June 28, 2012
Second Annual Western High School Report Card (2012)
Scores for every High School in Manitoba and Saskatchewan
AIMS and Frontier Centre for Public Policy
What’s in the report card?
The 2nd Annual Report Card on Western Canadian High Schools includes information from the 2006-07, 2007-08 and 2008-09 school years to calculate stable results–two of the three years must be available for inclusion. We compile data from departments of education, school boards, schools and any other publicly-available sources that provide insight into the performance of high schools. All indicators represent an entire school’s performance or characteristic.
Once the data has been compiled, we grade and rank everything that explains how your schools serve you with the exception of schools where results represent an average of fewer than six students–these are excluded due to the potentiality of skewed results and privacy concerns.
Indicators reveal school performance in one of its many facets. At their highest level, they represent one of the two core objectives of education: (1) keeping students engaged in learning (Engagement) and (2) facilitating the attainment of competencies (Achievement). These broad objectives have a number of different elements to be considered for a comprehensive assessment. Keeping students engaged means that they attend school and progress from grade-to-grade-to graduation. Schools should also be encouraging students to enjoy the challenge of learning and continue learning upon graduation. Those that do well teaching and engaging students will have more students staying in school, committed to learning and progressing to higher-learning.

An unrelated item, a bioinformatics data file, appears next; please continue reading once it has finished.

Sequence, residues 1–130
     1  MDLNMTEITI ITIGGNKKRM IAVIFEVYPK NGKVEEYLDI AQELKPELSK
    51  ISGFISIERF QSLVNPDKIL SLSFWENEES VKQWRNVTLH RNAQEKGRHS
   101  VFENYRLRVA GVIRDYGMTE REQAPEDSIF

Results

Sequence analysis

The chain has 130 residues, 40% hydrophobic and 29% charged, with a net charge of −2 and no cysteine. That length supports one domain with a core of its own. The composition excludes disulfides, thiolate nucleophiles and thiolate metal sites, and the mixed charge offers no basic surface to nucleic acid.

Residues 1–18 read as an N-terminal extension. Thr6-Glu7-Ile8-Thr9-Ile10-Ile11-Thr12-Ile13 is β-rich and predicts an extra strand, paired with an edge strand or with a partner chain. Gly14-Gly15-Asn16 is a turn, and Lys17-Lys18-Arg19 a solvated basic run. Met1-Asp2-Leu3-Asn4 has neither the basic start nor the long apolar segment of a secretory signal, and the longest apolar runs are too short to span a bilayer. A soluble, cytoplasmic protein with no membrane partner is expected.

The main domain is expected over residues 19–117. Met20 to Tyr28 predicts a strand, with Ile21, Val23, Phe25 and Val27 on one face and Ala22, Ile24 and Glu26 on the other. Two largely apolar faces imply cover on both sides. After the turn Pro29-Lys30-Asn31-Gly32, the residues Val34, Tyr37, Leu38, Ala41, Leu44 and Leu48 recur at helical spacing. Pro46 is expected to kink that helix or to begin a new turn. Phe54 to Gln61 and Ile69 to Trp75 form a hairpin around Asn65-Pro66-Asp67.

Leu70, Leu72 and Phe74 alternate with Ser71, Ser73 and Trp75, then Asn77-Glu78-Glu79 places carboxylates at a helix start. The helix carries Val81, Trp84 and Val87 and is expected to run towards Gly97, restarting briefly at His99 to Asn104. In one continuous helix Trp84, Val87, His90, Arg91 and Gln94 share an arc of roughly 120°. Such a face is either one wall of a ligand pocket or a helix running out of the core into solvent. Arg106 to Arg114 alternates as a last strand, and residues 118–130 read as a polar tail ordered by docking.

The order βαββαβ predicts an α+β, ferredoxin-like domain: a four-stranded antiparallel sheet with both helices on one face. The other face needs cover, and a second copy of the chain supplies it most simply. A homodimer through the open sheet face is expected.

Schools doing a good job of facilitating competency attainment have students with high levels of essential competencies (e.g. mathematics, language and sciences). We know how schools are doing–comparatively–by administering common exams across all schools that comprehensively and effectively assess levels of competencies. We recognize that standardized exams can only narrowly assess competencies effectively; thus, we also include Teacher-Assigned Marks to assess the broader range of competencies (e.g. inter and intra-personal skills, diligence etc.) required for success.
The comprehensiveness of this report allows identification of all sources of a problem. For instance, two schools that perform poorly on provincial math exams, but have varying attendance records (students show up to one and don’t to the other) have different problems. The school where students are not showing up will do better by focusing on getting students back in the classroom. The school where students are there but not learning would do better by improving its instruction methods. These schools can look at the policies and practices of other schools with high attendance rates and provincial math exam marks for direction.
Scoring, Ranking and Grading
Ranks indicate the performance of schools relative to other schools. The top ranked school (number 1) is the top performing school. Grades indicate the performance of schools relative to other schools, but they also consider how much better or worse schools are than proximal schools. For instance, the top, second and third ranked school may all receive a ‘B+’ because they are only slightly better than the other schools. The top ranked might also achieve an ‘A+’ and the second, a ‘B’ indicating a much greater difference in performance between the two.
View entire study as PDF (17 pages)
View Manitoba report data HERE.
View Saskatchewan Ranked data HERE.
View Saskatchewan Unranked data HERE.
The Frontier Centre for Public Policy
is an independent public policy think tank whose mission is "to broaden the debate on our future through public policy research and education and to explore positive changes within our public institutions that support economic growth and opportunity."